Simulations of the 1 MHz trigger rate and pile up on the order of 200 events per beam crossing expected for HL-LHC running indicate that the data transmission rates for the upgraded ATLAS Pixel detector will be extremely high. For the inner most Pixel layer, 10 Gbps per 2-IC module are expected, dropping off to 2.5 Gbps per 4-IC module at the outer layer. This would imply the need for high-speed optical transmission, but the expected radiation levels inside the Pixel detector (up to 10 MGray) indicate that this will not be possible because present-day optical components cannot tolerate that radiation dose. Electrical transmission will be required for a few meters before a transition to optical can be made in an area with lower radiation levels. While gigabit/second bandwidths on electrical cables have readily been achieved, those applications normally use comparatively large mass cables. Material in the tracking volume must be kept to a minimum in order to minimize multiple scattering and energy loss of the particles being measured. The challenge then is to achieve gigabit/second bandwidth with electrical transmission over as small a cable as possible.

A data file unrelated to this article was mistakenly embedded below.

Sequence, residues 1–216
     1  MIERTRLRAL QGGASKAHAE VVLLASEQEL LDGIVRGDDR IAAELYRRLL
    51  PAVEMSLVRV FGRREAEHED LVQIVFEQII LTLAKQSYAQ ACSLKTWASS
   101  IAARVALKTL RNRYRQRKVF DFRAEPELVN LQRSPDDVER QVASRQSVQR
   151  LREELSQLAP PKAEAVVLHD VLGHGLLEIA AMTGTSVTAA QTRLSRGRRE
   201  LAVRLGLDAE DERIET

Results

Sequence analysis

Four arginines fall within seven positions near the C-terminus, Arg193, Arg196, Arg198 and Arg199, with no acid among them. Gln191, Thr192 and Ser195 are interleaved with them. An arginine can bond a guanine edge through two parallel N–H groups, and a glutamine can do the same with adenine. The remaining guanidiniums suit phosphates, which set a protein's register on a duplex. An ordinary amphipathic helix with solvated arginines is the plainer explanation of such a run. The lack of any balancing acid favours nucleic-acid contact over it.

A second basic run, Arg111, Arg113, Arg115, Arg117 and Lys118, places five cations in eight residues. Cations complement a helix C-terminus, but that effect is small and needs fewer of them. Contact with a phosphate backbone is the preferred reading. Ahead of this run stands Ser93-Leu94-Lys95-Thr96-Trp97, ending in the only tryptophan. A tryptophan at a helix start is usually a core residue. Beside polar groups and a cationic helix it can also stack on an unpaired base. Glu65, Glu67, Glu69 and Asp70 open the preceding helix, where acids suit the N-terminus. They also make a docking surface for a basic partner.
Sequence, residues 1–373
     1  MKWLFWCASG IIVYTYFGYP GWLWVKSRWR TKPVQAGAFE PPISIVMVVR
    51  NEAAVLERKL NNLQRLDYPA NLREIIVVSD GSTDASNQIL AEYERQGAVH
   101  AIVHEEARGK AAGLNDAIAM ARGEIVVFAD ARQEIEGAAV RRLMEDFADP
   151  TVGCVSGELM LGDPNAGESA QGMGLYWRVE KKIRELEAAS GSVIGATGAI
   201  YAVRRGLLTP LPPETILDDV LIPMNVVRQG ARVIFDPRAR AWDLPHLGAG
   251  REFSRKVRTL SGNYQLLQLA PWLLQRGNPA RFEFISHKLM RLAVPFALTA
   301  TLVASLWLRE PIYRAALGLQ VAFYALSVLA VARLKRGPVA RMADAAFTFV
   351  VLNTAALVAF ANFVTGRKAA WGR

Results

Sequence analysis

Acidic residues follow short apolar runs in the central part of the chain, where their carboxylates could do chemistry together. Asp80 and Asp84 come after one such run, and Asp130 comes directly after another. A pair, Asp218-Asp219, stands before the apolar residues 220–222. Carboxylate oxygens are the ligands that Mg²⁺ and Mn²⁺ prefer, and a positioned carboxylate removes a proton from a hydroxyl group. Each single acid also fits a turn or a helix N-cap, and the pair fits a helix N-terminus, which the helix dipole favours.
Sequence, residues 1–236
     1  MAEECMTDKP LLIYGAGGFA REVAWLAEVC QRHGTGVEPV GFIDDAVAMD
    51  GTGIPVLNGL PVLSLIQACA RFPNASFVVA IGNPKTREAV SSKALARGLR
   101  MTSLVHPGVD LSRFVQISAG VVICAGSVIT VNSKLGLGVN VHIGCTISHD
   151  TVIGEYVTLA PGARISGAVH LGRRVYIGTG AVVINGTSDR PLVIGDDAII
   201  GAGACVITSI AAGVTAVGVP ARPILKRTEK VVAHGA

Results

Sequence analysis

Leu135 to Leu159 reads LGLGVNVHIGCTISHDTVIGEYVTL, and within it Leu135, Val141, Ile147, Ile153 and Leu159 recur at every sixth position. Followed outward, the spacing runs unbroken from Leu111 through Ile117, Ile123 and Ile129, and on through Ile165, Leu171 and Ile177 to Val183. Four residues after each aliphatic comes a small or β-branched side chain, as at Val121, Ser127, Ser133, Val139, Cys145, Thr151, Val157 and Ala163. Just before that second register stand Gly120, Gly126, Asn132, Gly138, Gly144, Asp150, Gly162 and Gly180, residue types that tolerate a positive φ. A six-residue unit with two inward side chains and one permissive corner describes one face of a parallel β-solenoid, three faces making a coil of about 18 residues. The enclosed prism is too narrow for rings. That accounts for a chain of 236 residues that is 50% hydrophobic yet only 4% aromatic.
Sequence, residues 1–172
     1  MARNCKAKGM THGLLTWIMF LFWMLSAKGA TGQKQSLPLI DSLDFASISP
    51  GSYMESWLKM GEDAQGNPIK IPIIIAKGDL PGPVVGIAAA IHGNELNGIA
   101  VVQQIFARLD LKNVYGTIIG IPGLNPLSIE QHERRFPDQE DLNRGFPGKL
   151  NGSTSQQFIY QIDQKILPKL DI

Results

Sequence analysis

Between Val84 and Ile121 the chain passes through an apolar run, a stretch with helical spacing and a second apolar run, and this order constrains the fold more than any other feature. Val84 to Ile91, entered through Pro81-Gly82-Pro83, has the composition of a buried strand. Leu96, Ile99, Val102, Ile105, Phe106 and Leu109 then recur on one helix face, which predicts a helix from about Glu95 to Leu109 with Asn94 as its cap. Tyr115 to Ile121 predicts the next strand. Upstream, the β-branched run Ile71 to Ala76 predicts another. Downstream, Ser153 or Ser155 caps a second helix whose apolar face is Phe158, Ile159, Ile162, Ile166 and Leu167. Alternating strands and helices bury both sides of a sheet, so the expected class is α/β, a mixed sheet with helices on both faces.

Twisted pair cable or, even better, twin-axial shielded cable (twin-ax) represent the best options for a possible solution provided that the cable size can be sufficiently minimized. In the case of twin-ax cable, most of the mass is contained in the thin shield and not the actual signal conductors or the dielectric coverings. For this reason, unshielded twisted pair would be preferable if it can meet the transmission requirements. One compromise solution may be a hybrid cable made of unshielded twisted pair along the barrels and rings that hold the detector modules with a transition to shielded twisted pair (twin-ax) for the longer run away from the detectors themselves and to the safe area for optical components. This could minimize the material in the sensitive areas of the detector modules.
We have tested twisted pair cables in various configurations of wire gauges (down to 42 AWG) and dielectric coverings to determine their maximum bandwidth vs. distance. We have also spliced unshielded twisted pair to shielded twin-ax cables to test the hybrid solution described above. By matching impedances of the two cable types, a simple solder connection does not disrupt the transmission across the joint. While the unshielded solution has a limited range at gigabit frequencies, the two-cable type hybrid solution can meet the bandwidth and transmission length requirements with a minimum of material.
Test results of bandwidth vs. distance, including bit error rates and crosstalk, will be presented.